14 thoughts on “White-tailed deer in need of urgent overhaul”

  1. Let me kick off the festivities with a repeat of a post I put up seconds before this thread started! (On the request of our fearless columnist, Outdoorsguy)

    This is the first year since 1990 I have not seen a single scrape in my bush, or anywhere for that matter. Of course coyote predation should be considered in deer management plans, but I believe that while coyote populations play a role here, I believe they are only a small part of it. Poaching used to be estimated but I think that sort of went away when the population burgeoned. I suspect it will become a bigger factor again as people grab their lights and hit the road to fill their freezer. 2 week season was a good idea when the deer were thick, but now it’s hurting an already declining population. Add the ‘black powder’ season, which with technology advances is basically just another rifle season with a little more smoke. Same goes with crossbow technology; more power and better accuracy in the right hands, but it’s a very long season and I would hazard to guess a lot of deer die without being tagged or found for that matter. No one reports how many are wounded and not found but I bet those numbers are high. I know guys that can hit a dime every time at 35 yards but everything is different in a tree stand and live targets and they have wounded their share.
    All of those things are accentuated with a few tough winters and it takes it’s toll on what we don’t harvest in the 3 month window we have to fill our tags. The weather, and maybe the coyotes, are the only things we don’t have control over. My uneducated opinion, take it or leave it.
    On a completely different slant, I saw a bald eagle this morning snacking on a road kill raccoon. When I tried to get a pic of him I noticed a large Red Tailed hawk in a tree waiting his turn. Didn’t get a shot of either of them. Nice to see them occasionally.

  2. Not to change this serious subject but I see in the Sun where a guy came across a massive wild? hog and shot it. Turns out it was someone’s pet more than ten kilometers away. We’ll Thomas Blair, you did exactly the right thing. According to the MNRF they are to be shot on sight and that’s exactly what you did. This is exactly how herds of non indigenous pigs get a foothold. There are all kinds of problems throughout the U.S. with ferel pigs and we are having enough problem with our native wildlife without introducing new problem species.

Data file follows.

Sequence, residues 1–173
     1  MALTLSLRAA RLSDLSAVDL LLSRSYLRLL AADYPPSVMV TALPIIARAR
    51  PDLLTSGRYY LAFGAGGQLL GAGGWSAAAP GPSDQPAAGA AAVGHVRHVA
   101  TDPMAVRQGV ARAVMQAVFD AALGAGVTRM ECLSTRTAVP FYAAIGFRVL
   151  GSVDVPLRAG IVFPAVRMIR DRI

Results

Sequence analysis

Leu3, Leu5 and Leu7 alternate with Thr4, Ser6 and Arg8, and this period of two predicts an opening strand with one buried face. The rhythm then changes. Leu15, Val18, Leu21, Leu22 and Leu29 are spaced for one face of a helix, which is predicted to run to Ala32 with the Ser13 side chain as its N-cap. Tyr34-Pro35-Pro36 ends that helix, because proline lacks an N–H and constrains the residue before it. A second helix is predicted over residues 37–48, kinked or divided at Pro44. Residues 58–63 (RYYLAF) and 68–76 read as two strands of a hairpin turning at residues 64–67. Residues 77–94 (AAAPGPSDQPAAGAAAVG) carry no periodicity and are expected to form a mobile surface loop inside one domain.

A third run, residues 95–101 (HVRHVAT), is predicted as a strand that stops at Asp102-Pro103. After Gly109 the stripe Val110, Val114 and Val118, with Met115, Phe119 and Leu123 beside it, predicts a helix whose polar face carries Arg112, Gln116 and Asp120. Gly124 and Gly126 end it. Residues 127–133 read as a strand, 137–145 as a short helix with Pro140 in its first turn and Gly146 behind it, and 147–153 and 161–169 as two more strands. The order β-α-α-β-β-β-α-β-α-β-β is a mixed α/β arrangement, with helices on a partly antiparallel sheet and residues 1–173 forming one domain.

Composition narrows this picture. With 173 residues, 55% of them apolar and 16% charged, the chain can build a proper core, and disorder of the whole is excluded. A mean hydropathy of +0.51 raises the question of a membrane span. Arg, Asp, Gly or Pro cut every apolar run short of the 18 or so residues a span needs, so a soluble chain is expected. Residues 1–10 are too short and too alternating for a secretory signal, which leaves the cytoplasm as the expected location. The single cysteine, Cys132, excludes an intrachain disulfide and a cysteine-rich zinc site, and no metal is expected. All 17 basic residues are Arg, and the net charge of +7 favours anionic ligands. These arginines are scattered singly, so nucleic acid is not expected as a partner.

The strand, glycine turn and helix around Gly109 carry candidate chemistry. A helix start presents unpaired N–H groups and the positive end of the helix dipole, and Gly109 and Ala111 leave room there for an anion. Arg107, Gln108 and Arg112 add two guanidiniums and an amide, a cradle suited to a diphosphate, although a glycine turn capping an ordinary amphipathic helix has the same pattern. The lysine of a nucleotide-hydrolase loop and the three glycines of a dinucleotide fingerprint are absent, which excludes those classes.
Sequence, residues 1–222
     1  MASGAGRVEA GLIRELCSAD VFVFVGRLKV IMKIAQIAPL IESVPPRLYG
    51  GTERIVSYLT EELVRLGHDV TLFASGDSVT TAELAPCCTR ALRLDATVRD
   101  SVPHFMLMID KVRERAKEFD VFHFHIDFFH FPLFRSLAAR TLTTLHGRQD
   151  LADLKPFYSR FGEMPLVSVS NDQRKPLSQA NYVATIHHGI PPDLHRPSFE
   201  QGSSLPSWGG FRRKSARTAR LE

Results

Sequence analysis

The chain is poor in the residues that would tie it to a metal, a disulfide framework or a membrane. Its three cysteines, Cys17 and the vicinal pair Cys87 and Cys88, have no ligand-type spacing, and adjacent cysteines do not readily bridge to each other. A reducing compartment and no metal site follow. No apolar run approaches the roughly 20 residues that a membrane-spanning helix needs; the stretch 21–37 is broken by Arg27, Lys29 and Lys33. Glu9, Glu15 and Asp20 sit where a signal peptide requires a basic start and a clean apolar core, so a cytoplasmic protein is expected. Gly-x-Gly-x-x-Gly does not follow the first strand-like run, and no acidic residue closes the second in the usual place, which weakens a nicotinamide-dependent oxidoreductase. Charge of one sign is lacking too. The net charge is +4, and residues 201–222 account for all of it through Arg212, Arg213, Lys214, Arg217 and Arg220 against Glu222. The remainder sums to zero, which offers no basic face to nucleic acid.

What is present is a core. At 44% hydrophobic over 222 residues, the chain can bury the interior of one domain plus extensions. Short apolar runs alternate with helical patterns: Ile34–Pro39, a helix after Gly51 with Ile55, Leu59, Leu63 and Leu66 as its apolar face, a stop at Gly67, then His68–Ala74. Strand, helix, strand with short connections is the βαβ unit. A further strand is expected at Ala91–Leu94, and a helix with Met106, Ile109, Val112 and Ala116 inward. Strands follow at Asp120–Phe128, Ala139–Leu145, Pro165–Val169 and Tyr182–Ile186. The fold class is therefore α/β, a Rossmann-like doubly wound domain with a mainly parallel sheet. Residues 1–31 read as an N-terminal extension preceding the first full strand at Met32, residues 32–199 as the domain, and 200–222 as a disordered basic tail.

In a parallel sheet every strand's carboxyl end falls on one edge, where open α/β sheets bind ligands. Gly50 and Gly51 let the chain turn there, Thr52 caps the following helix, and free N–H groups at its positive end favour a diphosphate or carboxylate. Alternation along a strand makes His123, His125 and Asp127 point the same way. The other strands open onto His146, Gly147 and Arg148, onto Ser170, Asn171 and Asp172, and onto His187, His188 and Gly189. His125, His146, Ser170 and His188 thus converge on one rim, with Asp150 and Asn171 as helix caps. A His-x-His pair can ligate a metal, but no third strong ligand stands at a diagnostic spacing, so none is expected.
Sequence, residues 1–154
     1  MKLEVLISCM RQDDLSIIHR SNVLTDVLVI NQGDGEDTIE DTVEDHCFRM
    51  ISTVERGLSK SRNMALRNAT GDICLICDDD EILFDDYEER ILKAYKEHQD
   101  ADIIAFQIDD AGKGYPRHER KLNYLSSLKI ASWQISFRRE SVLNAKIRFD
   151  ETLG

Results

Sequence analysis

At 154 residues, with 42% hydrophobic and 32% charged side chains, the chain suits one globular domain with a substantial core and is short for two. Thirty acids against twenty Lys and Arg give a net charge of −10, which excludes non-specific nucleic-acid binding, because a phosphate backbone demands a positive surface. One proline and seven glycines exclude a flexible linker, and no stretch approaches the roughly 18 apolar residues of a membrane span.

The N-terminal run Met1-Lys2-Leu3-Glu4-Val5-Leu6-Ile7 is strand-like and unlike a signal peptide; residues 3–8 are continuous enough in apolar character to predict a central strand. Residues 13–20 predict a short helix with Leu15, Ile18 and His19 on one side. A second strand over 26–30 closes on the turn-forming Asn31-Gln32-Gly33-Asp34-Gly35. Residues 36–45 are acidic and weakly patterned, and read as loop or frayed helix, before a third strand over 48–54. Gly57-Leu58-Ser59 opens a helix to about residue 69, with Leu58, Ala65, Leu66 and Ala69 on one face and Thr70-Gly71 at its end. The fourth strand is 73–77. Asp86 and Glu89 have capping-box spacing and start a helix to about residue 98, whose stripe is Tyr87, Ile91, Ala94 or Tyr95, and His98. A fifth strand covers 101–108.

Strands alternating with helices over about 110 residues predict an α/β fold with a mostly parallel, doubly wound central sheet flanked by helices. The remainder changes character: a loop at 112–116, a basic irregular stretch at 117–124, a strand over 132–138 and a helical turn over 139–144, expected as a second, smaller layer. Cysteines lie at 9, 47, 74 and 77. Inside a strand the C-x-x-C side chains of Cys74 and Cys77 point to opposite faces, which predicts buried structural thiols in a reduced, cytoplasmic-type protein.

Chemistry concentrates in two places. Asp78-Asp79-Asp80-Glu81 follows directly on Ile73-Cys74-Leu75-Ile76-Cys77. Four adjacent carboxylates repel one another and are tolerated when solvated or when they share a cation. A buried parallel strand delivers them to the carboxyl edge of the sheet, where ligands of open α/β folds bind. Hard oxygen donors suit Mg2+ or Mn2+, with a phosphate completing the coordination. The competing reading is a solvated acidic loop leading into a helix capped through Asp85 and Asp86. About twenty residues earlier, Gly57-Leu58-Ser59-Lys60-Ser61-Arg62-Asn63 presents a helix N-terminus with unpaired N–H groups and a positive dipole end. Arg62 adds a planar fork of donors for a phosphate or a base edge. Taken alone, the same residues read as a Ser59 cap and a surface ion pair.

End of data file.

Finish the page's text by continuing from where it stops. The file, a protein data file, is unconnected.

1. Iggy, that Big Boy story was unfortunate for sure, but yes Thomas Blair was completely within his rights to shoot that hog. Of course, having done some coverage on the ‘east-end escaped hogs’ story myself last year, I KNEW that monster boar could not have been one of those. The escaped hogs were a fraction of that size and there’s no way they could gain 200-250 pounds in one year!

      None the less, someone has a pork in the freezer!


  3. I feel ever since the minstry let hunters buy multiple deer tags the hunting has been poor.Way to many deer taken and the deer herds couldn,t rebound.All in the name of money.
    Just a stupid move by the minstry

    1. marc L, you are absolutely right! Way too many hunting opportunities available..on BOTH sides of the river!!


  4. Let me introduce the possibility of an alternate scenario here; that the deer are locally scarce, and locally abundant, due to the unusual fall weather and other pressures. For instance, if you go to Mont Tremblant Village, the deer are rampant, although protected.

    There are a number of variables that could account for this.

    Here in Ontario WMU 64A and 64B, deer have been seen in pretty much the same abundance as during the last few years, with the exception of the time of day. Most bucks have been active at night, according to my trail cameras. Only one notable buck has been recently day-active and he is deceased.

    Feedback from local butchers indicates a slight decrease in numbers but that could be due to a current preference in DIY precessing.

    Val Des Monts in Quebec seems to still hold a good number of deer (personal experience) if that is any indication.